And the idea that open space offices foster creativity has been shot down numerous times. A Harvard study showed that people in open plan offices are less collaborative, have less face-to-face time, and rely more on e-mail than in the alternatives, to the tune of 70 %.
Basically, if you’re so into creativity that you want to order people to be at the office at all times, there are so many other things that have been proven to be effective that you should try first (and being in an office never scores very high on lists of inspiration triggers anyway). If you want to really naughty, check out some of the non-work activities you should allow to trigger creativity, like going for walks or napping! I may do a blog post on some of these in the future.

People get distracted
Get people out of the ideal work environment that is the modern office, and they’ll get distracted and not be able to concentrate.

My counterargument: The modern office space is not, according to numerous studies, an ideal work place, and distractions and deep focus-killers abound. Of course, if you have three kids, two dogs, and you mother-in-law at home, and major construction work going on, you may be better off going to the office to work. But for many people, working from home is the distraction-free option.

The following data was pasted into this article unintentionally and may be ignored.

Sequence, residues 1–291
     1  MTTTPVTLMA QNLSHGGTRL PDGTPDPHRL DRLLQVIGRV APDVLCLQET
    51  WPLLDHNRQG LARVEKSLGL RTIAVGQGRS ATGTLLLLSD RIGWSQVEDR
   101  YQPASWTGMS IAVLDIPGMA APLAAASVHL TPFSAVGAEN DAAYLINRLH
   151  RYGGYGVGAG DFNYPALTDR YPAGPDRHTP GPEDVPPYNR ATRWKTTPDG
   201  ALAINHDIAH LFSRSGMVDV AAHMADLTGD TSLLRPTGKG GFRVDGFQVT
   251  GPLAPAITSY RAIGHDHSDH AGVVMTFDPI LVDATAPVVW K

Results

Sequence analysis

We can’t work remotely
The final argument against remote work is that it simply isn’t possible to do work if you’re not at the same location.

My counterargument: COVID-19 has largely proved that you can actually work remotely. It’s 2020, we have the technology. But even before the current shelter-in-place orders, proof abounded. I mean, if you can’t work with people without being in the same location as them, how the heck do multinational companies keep things running? And yet, they have, for decades.

So that takes care of the main arguments against remote work. Dig a little deeper, though, and you often find that the real problem some people have is that they simply don’t believe that people work when they’re home. To which my question is always the same: if you don’t think they work when they’re not in the office, what makes you think they work when they are at the office? After all, us office workers aren’t construction workers, it can be hard to tell if we’re working or goofing off (“that man’s playing Galaga!”).

Add all this up and compare to the fact that numerous studies have shown that working remotely increases productivity, lowers stress levels, reduces sick days, and brings down attrition rates (seriously, just Google it. Here’s one to start with).

If you truly believe that your people won’t do work when you’re not watching them, you either have trust issue or the wrong people on your staff.